When I was in Jordan, community was all around me. The taxi driver was worried about me when I was sick. The people at the grocery store said hi to me and asked me how I was (and it seemed like they actually cared). It felt like everyone was worried about me, cared about me, wanted to know how I was doing and what they could do for me. Over there, it’s not strange to tell strangers all about your problems, and for them to give you advice. It’s not weird to talk about politics or religion with people you don’t know. In Arabic, there was no word for privacy. It actually had to be made up by Europeans.
When I came back to the US, the thing I noticed the most was that everyone seemed so lonely. People sit down by themselves and watch TV on their own laptops, with no one around them. People don’t talk to each other in the same way that they did when I was in Jordan. You’re only supposed to tell the people closest to you about your problems, and you’re not supposed to talk about politics or religion with anyone, not even at your own families’ dinner table. It feels like Americans make it a point to be separate from each other.
I don’t think it’s better this way. When the community cares about you, and you can talk to anyone you know about your problems, it feels safer. It feels like you’re not alone. It feels like you don’t have to handle everything by yourself, even when you’re in a strange place and you don’t speak the language very well. It feels better than it does here when you can walk through the streets, go to a coffee shop, sit down, drink your coffee, and never talk to anyone beyond a hi. I miss the way everyone in Jordan wanted to know more about me and wanted to be friendly with me. Here, we put a premium on friendliness; we’ll only be friendly if we think there’s a benefit to us.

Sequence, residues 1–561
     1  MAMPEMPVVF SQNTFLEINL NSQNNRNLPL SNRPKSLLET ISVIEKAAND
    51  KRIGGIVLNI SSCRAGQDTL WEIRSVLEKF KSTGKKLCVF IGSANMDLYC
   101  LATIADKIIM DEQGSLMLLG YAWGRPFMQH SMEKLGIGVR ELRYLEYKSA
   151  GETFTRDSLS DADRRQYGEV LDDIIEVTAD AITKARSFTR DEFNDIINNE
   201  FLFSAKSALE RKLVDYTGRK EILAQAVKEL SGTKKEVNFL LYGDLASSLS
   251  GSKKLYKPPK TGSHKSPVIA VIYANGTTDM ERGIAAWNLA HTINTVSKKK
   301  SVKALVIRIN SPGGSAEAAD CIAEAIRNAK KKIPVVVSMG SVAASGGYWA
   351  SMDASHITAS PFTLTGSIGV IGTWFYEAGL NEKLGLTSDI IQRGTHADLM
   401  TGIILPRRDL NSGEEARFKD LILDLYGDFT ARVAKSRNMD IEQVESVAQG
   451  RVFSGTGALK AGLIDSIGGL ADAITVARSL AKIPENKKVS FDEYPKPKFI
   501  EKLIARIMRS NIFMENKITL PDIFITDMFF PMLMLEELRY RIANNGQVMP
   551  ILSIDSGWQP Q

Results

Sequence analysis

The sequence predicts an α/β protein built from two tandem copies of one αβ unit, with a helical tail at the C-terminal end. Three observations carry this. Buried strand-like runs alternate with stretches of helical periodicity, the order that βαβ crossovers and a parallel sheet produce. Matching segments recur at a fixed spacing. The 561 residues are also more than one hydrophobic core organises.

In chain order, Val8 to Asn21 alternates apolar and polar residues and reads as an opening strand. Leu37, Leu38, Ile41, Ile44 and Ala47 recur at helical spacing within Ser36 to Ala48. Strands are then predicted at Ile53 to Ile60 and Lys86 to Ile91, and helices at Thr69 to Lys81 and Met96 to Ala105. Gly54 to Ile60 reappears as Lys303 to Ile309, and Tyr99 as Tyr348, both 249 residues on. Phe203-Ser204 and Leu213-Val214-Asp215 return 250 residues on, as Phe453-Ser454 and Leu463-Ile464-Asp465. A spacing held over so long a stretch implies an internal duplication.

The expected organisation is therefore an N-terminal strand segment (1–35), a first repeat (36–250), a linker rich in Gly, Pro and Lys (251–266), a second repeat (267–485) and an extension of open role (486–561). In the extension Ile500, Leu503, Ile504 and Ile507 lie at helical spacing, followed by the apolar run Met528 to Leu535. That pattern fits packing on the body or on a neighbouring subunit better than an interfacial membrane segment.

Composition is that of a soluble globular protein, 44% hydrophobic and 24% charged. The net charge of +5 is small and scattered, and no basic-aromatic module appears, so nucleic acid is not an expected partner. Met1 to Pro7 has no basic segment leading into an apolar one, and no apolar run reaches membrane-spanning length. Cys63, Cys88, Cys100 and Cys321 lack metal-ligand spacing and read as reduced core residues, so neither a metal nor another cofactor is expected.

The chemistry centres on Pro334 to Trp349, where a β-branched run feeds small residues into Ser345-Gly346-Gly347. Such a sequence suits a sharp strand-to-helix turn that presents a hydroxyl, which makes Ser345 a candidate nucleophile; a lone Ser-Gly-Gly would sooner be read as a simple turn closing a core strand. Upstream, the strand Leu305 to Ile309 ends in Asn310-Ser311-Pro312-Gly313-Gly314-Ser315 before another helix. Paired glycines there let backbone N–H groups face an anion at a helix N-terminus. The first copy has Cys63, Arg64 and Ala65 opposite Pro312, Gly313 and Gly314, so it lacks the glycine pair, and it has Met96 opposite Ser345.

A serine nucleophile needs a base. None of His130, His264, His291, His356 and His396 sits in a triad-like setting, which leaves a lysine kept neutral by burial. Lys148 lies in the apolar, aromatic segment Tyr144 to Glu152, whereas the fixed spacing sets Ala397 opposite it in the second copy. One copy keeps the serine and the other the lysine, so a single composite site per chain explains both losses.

If we care about a person, it’s usually because of some reciprocal relationship. My best friend supported me through my break up, so I’ll support them through losing their job. In Jordan, there was no expectation when you helped someone get through something. There was no reason to expect that you would ever see this person again, but they still cared about you. It was the most amazing thing to experience.
What does community mean in the US? To me, it feels like we’re lacking community. There are interest groups, like the outdoors community or churches, but we don’t have a true community the way they do in other places. Here, we will only care about each other if there’s a reason to care about them. If there’s a stranger crying in public, we don’t ask them what’s wrong, we walk by them and look down, embarrassed by their public show of emotion. We don’t help our neighbors, and we care about our friends but only because we expect them to care about us as well. If we weren’t so stuck in our own self-interest, America would be a much nicer place to live.
What does community mean to you? What do you think we could do to encourage a greater sense of community?